2022 IRISH Seminar: "1922"

Irishseminarposter

Keough-Naughton Institute for Irish Studies

IRISH Seminar

Connemara | Dublin 

4-18 June, 2022.

1922 marked the final stages of the Irish revolutionary period. The year commenced with the ratification of the Anglo-Irish Treaty and the handover of power from Dublin Castle to the Provisional Government of Ireland and was followed by the outbreak of a bloody civil war lasting almost a year. The establishment of the Irish Free State in December 1922 and, with it, the consolidation of the partition of Northern Ireland brought the tumultuous year to a close. It was a year that saw the collapse of the British administration in southern Ireland and the transfer of sovereignty to a new, yet divided, order. 

Efforts to establish and legitimise the new administration included the World Congress of the Irish Race or Aonach na nGaedeal in Paris  in January, 1922, during which international delegates were brought together to coordinate support for the Irish State. Alongside discussions on Irish affairs, delegates attended performances of Irish music, theatre, and an exhibition of Irish art. Meanwhile, James Joyce was preparing to publish his masterpiece, Ulysses, in the very same city a couple of weeks later – an event unrelated to  such displays of cultural diplomacy.   

The IRISH Seminar 2022 will bring together graduate students and distinguished scholars to reflect on 1922 as a seminal year of state formation and one in which the culture and values of the nascent nation were showcased. The programme will also mark the centenary of the publication of Ulysses by James Joyce in a series of public talks.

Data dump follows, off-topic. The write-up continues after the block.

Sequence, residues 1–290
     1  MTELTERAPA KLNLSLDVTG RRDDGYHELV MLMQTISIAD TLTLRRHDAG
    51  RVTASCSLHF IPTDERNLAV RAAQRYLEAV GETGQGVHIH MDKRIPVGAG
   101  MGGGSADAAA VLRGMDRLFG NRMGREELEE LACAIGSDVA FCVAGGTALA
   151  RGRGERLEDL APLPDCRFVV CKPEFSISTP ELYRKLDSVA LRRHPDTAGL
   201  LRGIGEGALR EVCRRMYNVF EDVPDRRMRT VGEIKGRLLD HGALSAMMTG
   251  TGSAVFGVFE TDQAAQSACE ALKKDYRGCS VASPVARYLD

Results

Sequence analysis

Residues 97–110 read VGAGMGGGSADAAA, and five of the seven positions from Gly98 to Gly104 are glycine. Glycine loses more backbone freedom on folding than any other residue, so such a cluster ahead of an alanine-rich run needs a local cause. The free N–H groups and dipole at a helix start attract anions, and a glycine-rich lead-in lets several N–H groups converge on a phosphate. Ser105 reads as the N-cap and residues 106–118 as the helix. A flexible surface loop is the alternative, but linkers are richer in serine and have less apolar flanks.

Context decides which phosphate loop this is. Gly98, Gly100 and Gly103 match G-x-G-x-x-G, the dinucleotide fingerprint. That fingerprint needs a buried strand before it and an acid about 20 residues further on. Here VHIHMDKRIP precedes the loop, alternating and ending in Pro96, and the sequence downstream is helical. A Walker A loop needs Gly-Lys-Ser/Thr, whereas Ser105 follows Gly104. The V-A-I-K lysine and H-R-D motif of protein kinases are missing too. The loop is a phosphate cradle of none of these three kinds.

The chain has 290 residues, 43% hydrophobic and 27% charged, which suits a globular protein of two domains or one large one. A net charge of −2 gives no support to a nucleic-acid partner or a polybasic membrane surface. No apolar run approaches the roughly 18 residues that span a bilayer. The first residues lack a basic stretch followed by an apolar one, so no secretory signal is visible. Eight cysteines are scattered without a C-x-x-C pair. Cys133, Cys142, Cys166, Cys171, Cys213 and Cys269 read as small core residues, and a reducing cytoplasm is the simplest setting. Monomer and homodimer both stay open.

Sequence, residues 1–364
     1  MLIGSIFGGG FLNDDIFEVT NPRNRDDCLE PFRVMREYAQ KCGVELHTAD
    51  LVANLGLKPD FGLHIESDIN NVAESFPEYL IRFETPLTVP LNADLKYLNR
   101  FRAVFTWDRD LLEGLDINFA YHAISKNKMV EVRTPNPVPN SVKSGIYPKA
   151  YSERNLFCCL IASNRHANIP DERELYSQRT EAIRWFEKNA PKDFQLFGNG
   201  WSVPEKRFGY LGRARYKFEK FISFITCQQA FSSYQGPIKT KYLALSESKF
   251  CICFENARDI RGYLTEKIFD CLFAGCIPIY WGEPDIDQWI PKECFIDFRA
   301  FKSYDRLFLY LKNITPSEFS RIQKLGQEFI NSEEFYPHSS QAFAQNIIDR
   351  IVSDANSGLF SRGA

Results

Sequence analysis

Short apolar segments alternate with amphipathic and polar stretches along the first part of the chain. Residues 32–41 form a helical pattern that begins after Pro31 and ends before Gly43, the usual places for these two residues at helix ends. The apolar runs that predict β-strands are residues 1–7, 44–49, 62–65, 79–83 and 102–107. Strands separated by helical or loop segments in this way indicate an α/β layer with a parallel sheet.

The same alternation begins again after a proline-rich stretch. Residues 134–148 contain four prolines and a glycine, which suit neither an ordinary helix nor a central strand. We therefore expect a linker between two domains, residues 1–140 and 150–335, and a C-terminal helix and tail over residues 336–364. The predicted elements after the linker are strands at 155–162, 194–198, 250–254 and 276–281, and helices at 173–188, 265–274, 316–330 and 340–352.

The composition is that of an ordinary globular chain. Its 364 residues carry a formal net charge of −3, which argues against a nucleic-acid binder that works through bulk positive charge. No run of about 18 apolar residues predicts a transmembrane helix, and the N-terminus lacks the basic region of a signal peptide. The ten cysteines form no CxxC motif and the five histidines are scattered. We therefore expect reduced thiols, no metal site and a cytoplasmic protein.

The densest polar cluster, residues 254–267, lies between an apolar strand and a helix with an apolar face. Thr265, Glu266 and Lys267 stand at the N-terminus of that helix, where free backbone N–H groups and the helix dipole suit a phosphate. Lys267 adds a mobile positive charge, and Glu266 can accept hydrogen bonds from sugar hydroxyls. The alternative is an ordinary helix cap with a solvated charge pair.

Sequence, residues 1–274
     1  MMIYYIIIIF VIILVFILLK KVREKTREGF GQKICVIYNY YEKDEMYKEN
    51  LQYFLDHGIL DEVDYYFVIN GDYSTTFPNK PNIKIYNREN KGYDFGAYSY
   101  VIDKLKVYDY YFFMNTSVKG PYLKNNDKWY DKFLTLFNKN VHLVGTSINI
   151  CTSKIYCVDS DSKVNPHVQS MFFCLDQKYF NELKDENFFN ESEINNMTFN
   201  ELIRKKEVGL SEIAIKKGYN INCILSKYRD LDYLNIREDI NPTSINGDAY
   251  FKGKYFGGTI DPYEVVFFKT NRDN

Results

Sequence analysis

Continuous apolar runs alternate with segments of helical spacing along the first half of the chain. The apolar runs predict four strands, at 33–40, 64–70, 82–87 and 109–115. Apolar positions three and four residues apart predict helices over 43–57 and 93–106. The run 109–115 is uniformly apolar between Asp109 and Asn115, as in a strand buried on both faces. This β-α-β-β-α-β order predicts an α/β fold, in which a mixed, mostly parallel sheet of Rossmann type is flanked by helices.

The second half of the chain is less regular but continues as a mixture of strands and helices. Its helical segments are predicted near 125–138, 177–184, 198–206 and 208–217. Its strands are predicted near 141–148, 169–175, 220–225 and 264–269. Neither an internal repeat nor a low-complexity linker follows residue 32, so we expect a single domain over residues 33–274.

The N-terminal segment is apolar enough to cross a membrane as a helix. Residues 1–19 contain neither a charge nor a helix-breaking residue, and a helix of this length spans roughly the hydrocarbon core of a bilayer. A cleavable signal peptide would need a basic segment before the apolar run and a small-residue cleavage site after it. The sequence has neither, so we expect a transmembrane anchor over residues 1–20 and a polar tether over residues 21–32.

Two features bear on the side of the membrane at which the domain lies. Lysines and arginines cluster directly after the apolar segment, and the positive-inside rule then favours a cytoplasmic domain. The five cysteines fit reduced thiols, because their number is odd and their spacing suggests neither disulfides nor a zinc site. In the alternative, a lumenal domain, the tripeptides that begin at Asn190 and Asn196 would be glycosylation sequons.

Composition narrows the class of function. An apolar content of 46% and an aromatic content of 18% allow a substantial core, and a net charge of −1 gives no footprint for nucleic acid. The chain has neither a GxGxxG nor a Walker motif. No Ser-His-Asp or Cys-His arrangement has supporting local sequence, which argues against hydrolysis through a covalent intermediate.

One hundred years on, this seminal moment in Irish history remains controversial, and so we must ask: How do we make sense of these divisions? What is the legacy of such violent division? How can we make sense of the violence that ensued? How have these events been remembered? What is the role of commemoration?

Finally, scholars will be asked to consider visions for the Ireland of the next one hundred years. The centenary year offers an opportunity to reflect on the Ireland of today and the issues that face Irish society and, importantly, to imagine new and inclusive futures.

For more information, please contact Dr. Julian Dean, Postdoctoral Research Scholar, Keough-Naughton Institute for Irish Studies (jdean6@nd.edu).